The list of all the Birds of the World are updated about every four months. Which we try to keep up with their (I.O.C.) newest lists.
You are probably wondering why you would need it. Let me share some things about it and then give you some ideas how it my be handy for one of your school projects.
The I.O.C. is actually the International Ornithological Committee. “Ornithological” basically means those who study birds or bird related. They maintain a list of all the birds around the world. They set standards of how to name them, what scientific classification to place the birds in, and divide them into Orders and Families, etc.
They are needed because we may call a bird by one name, yet someone in a different country or area may call it by a different name. They realize that those two names belong to the same bird. It is a very hard task to keep track of all those 10,000 plus birds, but that is what they try to do.
They give every bird an English name as a standard. Then they also want every one to spell the words the same. For instance, some people spell the “Grey” or “Gray” to mean the same color. To keep things simple, all the birds are spelled as “Grey.” That is just one example.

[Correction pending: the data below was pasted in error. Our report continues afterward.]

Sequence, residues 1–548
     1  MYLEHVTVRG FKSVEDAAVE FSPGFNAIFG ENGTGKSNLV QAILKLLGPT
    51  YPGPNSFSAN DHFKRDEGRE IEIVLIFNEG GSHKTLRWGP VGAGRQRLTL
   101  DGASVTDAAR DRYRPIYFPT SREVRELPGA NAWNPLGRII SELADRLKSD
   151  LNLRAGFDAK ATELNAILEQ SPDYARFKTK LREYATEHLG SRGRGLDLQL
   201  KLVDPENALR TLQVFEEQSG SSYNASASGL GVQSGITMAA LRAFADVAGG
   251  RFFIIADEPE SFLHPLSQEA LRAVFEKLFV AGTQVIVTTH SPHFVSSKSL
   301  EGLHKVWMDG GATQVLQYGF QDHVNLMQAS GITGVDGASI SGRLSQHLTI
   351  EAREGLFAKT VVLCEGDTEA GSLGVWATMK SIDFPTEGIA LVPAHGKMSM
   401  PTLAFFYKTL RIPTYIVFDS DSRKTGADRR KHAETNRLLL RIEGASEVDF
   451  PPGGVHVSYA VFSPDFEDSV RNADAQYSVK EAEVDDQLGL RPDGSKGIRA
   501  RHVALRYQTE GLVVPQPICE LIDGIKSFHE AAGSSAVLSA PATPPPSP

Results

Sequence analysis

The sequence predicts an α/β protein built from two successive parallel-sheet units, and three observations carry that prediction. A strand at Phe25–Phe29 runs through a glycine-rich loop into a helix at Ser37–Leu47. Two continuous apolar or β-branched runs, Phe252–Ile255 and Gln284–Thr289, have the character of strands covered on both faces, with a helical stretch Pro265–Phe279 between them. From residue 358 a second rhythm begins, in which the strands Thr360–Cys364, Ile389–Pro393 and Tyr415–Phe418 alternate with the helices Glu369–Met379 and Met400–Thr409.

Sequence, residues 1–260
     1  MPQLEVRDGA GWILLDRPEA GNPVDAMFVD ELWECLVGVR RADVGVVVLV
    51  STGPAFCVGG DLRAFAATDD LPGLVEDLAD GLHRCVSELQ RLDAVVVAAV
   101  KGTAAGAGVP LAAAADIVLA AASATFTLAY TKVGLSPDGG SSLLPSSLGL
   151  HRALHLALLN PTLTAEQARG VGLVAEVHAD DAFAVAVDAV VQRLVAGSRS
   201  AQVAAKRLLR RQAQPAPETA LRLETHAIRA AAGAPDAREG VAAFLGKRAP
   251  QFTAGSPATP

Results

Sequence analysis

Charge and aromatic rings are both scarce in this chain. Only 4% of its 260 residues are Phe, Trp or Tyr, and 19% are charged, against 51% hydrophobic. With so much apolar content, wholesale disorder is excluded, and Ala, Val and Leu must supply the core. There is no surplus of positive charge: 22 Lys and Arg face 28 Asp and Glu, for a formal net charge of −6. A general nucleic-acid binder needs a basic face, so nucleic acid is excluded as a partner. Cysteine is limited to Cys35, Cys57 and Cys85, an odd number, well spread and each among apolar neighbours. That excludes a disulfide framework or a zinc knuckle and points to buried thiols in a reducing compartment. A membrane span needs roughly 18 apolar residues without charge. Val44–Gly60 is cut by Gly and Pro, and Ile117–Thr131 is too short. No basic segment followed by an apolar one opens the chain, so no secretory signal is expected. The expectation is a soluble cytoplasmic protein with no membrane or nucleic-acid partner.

There are committees all over the world working on the birds of the area they live in, then those committees get together to combine all the list to make one big list. That is what was just updated.
On our Birds of the World section, you will find the birds listed by Orders (40 main classifications), then by Families (240 groups of closely related birds). The reason all of that is not duplicated here would be very time-consuming. There are hundreds of pages and thousands of photos on that site.
Projects for school or your own information:
You know the name of a bird’s name, but need to find the Species name, Go to the Species Index to find these choices:
If you know that it called Madagascan something, go to the First Name of Bird index and choose the “M” page
If you know it is a Duck, go to the Last Name of Bird index and choose the “D – Last Name” page.
The Families have four indexes to help you find the Families of birds.
- Families – Alphabetical (Scientific)
- Families – Alphabetical (English)
- Families – Taxonomic (Scientific – English)
- Families – Taxonomic (English – Scientific)
When you find your bird in the right family, almost every bird has a link to a photo or video.
I will share more tips on how to use those indexes in another article.
Another reason is because we believe the Lord created all the beautiful birds and He should get all the credit.
In the beginning God created the heavens and the earth. (Genesis 1:1 NKJV)
So God created great sea creatures and every living thing that moves, with which the waters abounded, according to their kind, and every winged bird according to its kind. And God saw that it was good. (Genesis 1:21 NKJV)